Japan’s clean energy transition lags behind G7 states
Its generation from the wind sector is less than 1% of the total electricity.
Japan is falling behind other G7 countries in terms of the clean energy transition, with renewable sources accounting for only 29% of its total electricity and 71% from fossil fuels, according to a climate and energy think tank.
In a report, Ember said that Japan also has the highest share of coal in its total generation at 33% amongst the G7 countries for the fourth consecutive year.
Particularly, the growth of the wind sector in Japan is behind the other countries as the sector generated only less than 1% of its electricity. Solar on the other hand is faring better, increasing its share from zero to 10% in the last decade.
For the other member states, the share of wind power in the total electricity production increased to 11%, which indicates that the sector has “an increasingly more important role than solar.”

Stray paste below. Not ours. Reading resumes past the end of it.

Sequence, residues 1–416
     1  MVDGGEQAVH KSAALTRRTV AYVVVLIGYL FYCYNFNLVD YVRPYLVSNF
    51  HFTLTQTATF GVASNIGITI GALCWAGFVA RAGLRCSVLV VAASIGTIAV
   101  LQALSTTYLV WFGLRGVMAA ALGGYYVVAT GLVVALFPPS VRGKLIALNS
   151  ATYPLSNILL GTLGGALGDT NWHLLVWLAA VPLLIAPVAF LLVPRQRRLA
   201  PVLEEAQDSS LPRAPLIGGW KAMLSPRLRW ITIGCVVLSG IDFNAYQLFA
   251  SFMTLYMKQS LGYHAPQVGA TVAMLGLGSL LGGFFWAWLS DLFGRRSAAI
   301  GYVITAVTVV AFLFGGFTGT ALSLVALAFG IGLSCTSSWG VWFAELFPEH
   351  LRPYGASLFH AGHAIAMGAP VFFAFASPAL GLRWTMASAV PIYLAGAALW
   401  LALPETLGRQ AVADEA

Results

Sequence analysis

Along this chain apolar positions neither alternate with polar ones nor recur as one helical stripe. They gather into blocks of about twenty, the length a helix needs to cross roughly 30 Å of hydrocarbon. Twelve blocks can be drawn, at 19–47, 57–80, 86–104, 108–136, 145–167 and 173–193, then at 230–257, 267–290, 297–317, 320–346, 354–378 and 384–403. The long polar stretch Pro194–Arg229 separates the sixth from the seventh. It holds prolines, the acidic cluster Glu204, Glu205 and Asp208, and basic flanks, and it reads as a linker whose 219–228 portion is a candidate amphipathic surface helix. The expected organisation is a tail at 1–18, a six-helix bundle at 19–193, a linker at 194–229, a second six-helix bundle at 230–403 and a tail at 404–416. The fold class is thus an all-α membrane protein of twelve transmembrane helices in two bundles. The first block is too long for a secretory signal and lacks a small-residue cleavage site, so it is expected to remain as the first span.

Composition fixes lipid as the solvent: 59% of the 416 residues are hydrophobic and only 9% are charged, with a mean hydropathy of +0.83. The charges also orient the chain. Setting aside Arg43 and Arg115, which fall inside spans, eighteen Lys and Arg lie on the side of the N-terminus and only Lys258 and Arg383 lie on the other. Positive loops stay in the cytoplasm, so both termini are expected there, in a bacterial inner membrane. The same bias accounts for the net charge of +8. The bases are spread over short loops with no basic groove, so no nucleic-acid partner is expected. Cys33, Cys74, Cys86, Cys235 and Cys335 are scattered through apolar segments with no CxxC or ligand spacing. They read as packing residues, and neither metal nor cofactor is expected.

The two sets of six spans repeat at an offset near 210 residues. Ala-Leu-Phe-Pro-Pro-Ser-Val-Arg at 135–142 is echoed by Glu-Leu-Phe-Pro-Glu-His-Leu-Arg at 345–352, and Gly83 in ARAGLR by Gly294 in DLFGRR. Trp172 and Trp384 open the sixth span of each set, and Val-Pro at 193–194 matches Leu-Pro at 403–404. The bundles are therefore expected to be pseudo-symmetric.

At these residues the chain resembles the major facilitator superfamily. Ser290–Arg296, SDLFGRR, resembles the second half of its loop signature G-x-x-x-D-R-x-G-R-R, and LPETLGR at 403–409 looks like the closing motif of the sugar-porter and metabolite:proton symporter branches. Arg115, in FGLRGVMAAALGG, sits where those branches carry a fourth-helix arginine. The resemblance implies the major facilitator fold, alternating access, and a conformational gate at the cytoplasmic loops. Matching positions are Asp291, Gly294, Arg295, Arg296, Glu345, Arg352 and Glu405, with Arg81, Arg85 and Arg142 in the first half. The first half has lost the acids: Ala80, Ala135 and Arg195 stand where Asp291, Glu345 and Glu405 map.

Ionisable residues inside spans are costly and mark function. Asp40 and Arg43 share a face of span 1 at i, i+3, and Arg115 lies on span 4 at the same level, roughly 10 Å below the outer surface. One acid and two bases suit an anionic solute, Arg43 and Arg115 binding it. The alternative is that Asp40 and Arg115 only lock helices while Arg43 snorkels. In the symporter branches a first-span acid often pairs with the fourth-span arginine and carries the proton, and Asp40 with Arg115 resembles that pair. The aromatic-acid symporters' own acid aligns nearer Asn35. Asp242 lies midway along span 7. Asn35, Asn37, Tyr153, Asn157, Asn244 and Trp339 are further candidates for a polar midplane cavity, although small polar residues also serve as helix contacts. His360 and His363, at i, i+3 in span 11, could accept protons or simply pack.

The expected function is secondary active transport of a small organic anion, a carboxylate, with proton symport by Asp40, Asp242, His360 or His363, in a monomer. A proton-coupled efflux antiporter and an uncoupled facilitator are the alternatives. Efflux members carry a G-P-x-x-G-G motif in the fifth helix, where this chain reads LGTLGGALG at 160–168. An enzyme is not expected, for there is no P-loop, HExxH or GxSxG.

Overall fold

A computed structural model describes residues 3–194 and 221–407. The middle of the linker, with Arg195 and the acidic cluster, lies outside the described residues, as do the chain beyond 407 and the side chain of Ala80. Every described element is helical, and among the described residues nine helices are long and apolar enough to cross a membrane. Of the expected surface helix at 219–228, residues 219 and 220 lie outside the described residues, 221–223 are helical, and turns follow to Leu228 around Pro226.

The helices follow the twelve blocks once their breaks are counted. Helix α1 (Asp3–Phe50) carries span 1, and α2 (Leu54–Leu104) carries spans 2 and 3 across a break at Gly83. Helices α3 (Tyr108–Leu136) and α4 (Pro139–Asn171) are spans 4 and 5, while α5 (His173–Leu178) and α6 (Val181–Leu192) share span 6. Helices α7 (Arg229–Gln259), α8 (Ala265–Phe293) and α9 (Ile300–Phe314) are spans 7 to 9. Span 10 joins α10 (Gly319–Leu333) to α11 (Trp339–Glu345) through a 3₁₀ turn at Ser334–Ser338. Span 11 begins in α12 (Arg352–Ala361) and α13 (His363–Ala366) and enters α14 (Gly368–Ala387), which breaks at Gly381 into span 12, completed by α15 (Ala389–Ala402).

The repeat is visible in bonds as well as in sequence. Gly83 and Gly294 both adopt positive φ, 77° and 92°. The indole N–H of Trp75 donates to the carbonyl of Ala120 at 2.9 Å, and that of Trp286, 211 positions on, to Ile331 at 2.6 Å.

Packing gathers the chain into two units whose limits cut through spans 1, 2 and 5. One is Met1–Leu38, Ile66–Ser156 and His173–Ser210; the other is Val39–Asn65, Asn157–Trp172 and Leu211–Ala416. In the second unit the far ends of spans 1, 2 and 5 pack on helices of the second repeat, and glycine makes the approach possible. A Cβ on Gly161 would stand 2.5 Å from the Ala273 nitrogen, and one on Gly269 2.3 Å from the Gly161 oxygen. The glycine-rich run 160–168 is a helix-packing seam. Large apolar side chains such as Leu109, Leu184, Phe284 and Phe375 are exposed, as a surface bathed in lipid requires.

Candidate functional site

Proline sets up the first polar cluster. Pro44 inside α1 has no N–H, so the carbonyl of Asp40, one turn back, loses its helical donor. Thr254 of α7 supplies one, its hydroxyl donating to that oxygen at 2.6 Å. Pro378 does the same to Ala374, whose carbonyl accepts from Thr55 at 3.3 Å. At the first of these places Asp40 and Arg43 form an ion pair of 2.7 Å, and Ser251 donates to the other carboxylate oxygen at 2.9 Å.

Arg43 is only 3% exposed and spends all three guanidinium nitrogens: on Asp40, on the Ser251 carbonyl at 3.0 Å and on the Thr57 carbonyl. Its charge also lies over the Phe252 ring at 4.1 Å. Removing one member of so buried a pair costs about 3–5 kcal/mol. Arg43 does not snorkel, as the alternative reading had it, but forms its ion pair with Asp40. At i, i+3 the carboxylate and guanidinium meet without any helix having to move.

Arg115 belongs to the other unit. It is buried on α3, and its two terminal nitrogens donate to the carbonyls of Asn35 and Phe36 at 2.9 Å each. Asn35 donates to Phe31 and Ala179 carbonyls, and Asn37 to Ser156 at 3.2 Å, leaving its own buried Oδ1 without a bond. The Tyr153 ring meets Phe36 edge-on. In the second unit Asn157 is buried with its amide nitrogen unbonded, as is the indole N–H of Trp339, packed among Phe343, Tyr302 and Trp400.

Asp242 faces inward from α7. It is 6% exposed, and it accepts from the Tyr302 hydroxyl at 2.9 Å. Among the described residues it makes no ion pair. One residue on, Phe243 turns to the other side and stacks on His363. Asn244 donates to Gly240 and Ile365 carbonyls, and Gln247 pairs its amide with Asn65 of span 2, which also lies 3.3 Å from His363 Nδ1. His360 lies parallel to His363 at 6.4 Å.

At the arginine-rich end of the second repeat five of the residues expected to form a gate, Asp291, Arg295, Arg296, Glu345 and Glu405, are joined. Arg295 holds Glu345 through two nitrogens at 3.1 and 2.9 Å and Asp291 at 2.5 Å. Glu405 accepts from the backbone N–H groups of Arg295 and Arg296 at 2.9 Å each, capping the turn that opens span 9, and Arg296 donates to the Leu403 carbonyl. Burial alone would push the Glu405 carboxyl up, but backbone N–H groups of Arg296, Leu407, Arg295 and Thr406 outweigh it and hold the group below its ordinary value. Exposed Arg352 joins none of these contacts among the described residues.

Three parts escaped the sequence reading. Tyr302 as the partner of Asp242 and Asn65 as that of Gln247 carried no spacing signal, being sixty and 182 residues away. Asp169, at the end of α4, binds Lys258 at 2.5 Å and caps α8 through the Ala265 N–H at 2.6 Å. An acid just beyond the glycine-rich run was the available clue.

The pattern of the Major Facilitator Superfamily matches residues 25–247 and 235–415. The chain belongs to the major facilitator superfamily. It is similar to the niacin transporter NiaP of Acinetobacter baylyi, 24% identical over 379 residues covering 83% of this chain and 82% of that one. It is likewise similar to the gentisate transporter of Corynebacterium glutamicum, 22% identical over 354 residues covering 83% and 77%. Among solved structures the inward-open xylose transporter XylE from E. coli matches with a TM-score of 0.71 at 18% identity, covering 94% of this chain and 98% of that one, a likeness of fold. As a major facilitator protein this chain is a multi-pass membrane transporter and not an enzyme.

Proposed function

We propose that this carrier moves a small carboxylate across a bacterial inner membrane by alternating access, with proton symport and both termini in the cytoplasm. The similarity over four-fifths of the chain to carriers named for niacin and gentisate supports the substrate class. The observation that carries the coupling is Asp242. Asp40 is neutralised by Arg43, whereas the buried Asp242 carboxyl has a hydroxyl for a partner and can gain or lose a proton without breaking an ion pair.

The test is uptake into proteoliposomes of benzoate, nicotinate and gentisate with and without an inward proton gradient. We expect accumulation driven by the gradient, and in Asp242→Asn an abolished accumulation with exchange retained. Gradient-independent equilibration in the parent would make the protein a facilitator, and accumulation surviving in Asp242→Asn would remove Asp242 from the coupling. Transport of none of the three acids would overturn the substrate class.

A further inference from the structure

Ember cited Germany and the UK where wind accounted for over 20% of electricity generation in both countries, whilst the US’s wind sector comprises over 10% of the total generation.
Canada is the second lowest wind performer at 6%, it said.
“The G7’s announcement that it will build 150 GW of offshore wind highlights just how far Japan has fallen behind on the electricity transition,” said Dave Jones, head of Data Insights at Ember.
“If Japan showed the same confidence in offshore wind that other G7 countries currently are, then Japan would be able to align with the G7 premise of 2035 decarbonised electricity,” he added.
The G7 is composed of France, Canada, the UK, Germany, the US, Italy, and Japan.